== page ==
As collaborations go, country-tinged Nikki Lane working with Queens of the Stone Age frontman Josh Homme and his band is up there with Jack White producing Loretta Lynn. That partnership created one of Lynn’s finest late career sets and the Homme/Lane pairing on this, the latter’s fourth full length, yields surprisingly successful, occasionally revelatory results.Lane calls Americana, a catchall for the country, retro pop, singer/songwriter, rock genres she works in, home. A gradual shift from the twang of the 2011 debut and the Dan Auerbach-helmed follow-up, All or Nothin’, moved towards rock with the 2017 Jonathan Tyler-produced Highway Queen. Tyler’s album was her most popular, yet the self-anointed highway queen was burned out through constant road work. Even with high-profile fans like Lana Del Rey and Spiritualized, Lane considered quitting music altogether as she expresses in “Good Enough”: Sometimes I get so tired I don’t know if I’ll get home again.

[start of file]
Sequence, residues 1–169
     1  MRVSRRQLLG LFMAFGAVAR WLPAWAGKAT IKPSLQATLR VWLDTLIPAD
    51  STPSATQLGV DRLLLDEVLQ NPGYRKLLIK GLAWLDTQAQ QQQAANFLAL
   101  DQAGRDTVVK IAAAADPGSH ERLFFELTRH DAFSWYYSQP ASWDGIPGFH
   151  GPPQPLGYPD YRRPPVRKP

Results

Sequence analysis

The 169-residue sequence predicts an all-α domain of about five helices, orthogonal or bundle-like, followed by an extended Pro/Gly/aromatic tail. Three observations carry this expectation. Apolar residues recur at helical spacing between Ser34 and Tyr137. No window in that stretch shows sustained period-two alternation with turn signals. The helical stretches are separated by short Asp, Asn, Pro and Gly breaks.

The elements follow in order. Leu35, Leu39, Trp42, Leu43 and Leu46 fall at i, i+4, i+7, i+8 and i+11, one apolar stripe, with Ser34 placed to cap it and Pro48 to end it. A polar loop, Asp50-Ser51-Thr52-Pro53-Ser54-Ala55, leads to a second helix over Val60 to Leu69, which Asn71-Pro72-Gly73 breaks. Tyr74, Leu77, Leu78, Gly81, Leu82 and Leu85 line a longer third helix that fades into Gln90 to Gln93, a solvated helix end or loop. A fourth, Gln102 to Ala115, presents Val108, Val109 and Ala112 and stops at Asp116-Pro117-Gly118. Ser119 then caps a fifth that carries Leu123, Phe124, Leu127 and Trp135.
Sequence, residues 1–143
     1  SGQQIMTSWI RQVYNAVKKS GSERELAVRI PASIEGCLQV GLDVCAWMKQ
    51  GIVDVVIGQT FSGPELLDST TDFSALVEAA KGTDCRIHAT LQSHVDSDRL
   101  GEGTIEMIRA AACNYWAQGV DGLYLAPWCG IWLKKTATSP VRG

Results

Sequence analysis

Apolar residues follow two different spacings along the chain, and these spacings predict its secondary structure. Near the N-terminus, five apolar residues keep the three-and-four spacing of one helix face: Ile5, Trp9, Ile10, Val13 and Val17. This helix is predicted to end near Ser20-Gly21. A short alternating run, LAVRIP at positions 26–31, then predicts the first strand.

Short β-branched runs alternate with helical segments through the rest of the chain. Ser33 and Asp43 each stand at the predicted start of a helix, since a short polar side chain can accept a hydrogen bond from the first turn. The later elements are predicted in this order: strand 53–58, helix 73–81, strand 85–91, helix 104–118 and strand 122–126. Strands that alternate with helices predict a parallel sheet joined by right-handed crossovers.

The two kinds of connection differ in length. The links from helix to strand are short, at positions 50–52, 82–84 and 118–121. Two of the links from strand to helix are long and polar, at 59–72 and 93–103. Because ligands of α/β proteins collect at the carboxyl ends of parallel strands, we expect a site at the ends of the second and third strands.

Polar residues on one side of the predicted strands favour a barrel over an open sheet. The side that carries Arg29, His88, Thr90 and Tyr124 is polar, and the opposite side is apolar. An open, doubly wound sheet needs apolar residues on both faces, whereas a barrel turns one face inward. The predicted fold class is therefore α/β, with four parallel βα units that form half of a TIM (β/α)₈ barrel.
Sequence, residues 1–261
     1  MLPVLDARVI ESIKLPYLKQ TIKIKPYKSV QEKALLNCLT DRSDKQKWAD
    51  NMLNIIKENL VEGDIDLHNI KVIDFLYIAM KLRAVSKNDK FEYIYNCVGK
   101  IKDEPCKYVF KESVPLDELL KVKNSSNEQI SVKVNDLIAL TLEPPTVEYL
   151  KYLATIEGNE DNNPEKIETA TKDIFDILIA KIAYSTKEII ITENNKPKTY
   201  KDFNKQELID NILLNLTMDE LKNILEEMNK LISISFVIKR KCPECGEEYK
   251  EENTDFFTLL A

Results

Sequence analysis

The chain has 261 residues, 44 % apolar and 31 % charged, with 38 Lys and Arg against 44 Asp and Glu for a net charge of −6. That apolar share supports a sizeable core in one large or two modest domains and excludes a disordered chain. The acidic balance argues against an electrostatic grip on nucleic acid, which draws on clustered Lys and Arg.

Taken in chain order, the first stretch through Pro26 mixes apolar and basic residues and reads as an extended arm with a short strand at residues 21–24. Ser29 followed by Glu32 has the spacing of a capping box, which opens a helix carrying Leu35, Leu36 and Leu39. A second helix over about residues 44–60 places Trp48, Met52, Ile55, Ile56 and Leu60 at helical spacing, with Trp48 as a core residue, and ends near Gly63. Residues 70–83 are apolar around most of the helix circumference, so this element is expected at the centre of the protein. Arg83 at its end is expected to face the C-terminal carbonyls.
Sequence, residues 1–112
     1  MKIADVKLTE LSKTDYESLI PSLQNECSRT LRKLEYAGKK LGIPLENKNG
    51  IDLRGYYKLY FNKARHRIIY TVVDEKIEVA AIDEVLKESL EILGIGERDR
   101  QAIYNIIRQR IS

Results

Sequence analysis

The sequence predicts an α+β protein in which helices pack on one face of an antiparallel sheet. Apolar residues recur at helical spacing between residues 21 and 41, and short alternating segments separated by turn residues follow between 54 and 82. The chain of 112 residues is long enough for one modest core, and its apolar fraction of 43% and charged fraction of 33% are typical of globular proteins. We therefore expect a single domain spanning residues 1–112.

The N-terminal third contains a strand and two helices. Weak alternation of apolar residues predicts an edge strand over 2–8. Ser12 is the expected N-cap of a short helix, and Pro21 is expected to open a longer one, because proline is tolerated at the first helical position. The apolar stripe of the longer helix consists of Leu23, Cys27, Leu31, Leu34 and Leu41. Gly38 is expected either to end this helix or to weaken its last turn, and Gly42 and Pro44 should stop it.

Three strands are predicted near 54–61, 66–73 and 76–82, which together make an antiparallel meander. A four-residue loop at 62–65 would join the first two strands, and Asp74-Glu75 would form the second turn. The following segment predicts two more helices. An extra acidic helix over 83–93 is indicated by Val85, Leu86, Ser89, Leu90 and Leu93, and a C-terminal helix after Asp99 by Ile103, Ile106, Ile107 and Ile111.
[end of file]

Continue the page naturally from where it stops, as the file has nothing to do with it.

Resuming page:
From the autobiographical garage of “Born Tough” to the chugging countrypolitan “Good Enough,” and the pumping rock that kicks in on “Black Widow” and the title track, Lane channels her dusky Neko Case/Shannon McNally-influenced voice into a variety of styles.
All of them work. Lane’s natural swagger feels earthy and organic, the hooks and melodies are never forced, and Homme’s band, enhanced by Matt Pynn’s pedal steel (especially effective on the ballad “Faded”), balances the toughness with a dimmer rootsy sensibility. The closing acoustic “Chimayo” brings Mexican strumming to a song about how the titular woven garment is a metaphor for complex life.
Hopefully, Denim & Diamonds is a fresh reboot for a career that has been slowly but progressively building steam over the past decade. It shows Nikki Lane at her best, stepping towards a darker direction while keeping one foot planted in the country and roots music of her past.